The continued Majlis ‘refuge’ of MDP parliamentarian Hamid Abdul Ghafoor, wanted in a criminal offence pertaining to liquor consumption, despite a court order for his appearance, is only a case in point. Under the changed circumstances and the nation’s appetite for peace and harmony, post-poll, the MDP parliamentary party and leadership may also have to review some of the committee proceedings that it had initiated at a different and difficult time for the party, so as to help the nation open a new chapter in political co-existence between the Government and the Opposition on the one hand, and the Executive and the Legislature on the other. Among the more recent of such decisions could the parliamentary resolution authorising the Speaker to appoint a separate security force under his care, in violation of the specific constitutional provision, entrusting the job to the nation’s Defence forces. If a review is needed and for valid reasons, it may have to be taken up separately and all over again.
The incoming Government will have to address issues pertaining to ‘Independent Institutions’ under the Constitution and take the political Opposition along – and in ways that facilitate the deepening and widening of the limitations of the democratic scheme, as they have understood its benefits, the latter as much from experience now as expectations earlier. In the present case, the perceived over-independence of sorts by some of these institutions may have rendered the Maldivian State over-dependent on such other institutions – contributing to constitutional challenges, if not outright calamity.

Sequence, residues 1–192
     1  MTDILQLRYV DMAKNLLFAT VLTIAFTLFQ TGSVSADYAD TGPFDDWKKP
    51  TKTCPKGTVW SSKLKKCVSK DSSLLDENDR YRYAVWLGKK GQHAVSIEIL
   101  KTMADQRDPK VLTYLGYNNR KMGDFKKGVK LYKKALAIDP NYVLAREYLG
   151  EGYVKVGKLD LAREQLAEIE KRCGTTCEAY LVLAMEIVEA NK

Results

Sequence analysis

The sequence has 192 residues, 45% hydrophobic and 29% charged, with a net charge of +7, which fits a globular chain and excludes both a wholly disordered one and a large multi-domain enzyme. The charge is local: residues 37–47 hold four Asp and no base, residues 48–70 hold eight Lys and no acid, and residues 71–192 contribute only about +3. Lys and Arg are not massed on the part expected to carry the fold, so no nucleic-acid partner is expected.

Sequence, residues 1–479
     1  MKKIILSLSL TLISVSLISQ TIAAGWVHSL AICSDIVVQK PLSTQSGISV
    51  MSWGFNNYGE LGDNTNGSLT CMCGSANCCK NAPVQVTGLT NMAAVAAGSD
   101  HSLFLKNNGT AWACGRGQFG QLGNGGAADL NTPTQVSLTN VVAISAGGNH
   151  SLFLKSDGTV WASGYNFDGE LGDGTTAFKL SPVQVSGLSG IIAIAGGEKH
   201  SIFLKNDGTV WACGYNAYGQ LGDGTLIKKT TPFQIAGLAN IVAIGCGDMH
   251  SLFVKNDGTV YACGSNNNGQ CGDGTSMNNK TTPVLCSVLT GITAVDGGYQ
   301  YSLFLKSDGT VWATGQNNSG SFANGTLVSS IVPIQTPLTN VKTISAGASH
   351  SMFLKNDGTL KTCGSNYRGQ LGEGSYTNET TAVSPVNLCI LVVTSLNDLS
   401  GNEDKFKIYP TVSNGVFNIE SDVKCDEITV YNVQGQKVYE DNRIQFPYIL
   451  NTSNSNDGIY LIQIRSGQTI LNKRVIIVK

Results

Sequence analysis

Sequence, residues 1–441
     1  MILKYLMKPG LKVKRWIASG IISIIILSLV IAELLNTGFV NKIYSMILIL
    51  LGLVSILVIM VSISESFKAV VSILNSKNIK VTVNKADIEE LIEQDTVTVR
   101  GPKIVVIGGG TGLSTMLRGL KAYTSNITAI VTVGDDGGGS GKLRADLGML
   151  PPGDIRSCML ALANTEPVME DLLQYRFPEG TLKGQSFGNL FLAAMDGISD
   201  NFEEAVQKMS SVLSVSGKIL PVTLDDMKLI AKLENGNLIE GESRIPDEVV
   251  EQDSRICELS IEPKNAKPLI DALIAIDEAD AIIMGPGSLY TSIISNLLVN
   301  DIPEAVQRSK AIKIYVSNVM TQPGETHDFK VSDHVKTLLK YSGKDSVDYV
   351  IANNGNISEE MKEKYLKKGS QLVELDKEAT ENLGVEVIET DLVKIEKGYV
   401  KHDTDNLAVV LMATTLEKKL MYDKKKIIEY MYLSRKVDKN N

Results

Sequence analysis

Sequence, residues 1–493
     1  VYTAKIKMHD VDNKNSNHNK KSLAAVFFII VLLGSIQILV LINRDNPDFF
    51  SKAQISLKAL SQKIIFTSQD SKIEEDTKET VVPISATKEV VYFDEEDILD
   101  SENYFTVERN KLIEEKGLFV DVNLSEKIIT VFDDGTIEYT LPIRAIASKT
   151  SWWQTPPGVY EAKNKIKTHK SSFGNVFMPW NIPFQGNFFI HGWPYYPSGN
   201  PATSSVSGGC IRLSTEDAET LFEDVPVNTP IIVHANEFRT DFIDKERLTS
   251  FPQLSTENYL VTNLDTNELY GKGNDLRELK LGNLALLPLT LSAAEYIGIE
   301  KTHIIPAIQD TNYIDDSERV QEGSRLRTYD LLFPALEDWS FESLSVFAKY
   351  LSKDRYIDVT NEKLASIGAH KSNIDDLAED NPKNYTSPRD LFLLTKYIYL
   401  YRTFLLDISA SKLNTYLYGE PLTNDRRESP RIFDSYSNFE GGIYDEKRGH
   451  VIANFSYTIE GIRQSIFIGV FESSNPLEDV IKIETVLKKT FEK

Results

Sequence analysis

If there is an area where both President Yameen and the MDP Opposition with its parliamentary majority can start working together, it is on the nation’s frail and fragile economy. A one-time Finance Minister under President Gayoom, President Yameen can be expected to have a hands-on role in the economic management of the country, unlike his immediate predecessors even while retaining Finance Minister Abdulla Jihad of the Adhaalath Party (AP) in the job.